What inspires your  musical process: nature, observation, personal experiences?
Music as a process has often seemed to be a spontaneous brimming-over of something that exceeds me, but which has somehow been metabolised through me. I think a lot of artists experience this feeling of being a vessel which creative expression moves through. So it’s hard to pinpoint where or how or what inspires a song or a piece of visual art or a dance piece. And so too can it feel difficult to take responsibility for something that doesn’t seem to be your own. I would say that the musical process, for me anyway, emerges quite spontaneously as an emotive synthesis of those things which move or stir me, which can be anything – a bird song, a newspaper clip, a shadow on the floor, politics, anatomy.

Do you have any musical collaborations coming up that you’re looking forward to?
Collaborations galore!  I recently finished producing, writing, recording and mixing a full length album alongside Cayne McKenzie (of We Are The City) for spoken word artist Shane Koyczan. There is no release date to share yet, but I’m tremendously excited to share that project when the time comes.  Also, I have started working more and more closely with LA-based producer and musician Ajay Bhattacharyya (aka STINT) on material for a new album and a series of singles, as well as developing a meatier live show.  I couldn’t be more thrilled with the direction we are taking.

What’s more fun: small shows or festivals?
Unfair question, and impossible to answer!  Festivals are terrific if you let your guard down and participate in them, which I find many artists are not so inclined to do.  The intimacy of small shows is often where the magic is, because there is a real opportunity to connect with people. It all really depends on the combined energy that everyone brings to a space, so small shows and festivals alike can be the best or the worst.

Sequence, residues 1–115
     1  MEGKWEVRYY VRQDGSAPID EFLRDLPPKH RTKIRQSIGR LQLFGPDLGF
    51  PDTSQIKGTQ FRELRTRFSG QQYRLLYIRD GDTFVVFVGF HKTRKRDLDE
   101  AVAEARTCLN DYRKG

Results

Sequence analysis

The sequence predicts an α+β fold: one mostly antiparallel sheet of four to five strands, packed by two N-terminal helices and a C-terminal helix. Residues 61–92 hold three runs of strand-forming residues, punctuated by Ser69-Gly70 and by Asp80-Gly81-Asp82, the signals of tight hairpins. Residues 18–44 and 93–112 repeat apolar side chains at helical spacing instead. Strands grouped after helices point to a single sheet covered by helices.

You seem to have a pretty active touring schedule, does is it ever get tiring being on the road so much?
Having just returned from two months on the road, I can certainly say that touring life can become treacherously draining. I take great joy in mundane rituals, because they are often the only thing stable enough in my world to ground me.  Waking up in my own bed, whisking matcha in my favourite ceramic cup in a morning glow specific to my studio, watering my plants, holding my friends hands on long walks and gossiping about whatever … these are all things I miss sorely on tour.  But touring is wonderful, whimsical, enriching and so inspiring, so I come to miss the touring life too after a while.  That seems to be a concise analogy for the ebbs and flows of life in general, I suppose.

What do you love most about the west coast?
Water!  The tap water is absolutely extraordinary here, and the ocean is so unbelievable. Water is a truly mystical substance, and we are very lucky to have so much of it where we live.

For more information about Hannah check out her:

Website: http://hannahepperson.ca/

Bandcamp: http://hannahepperson.bandcamp.com/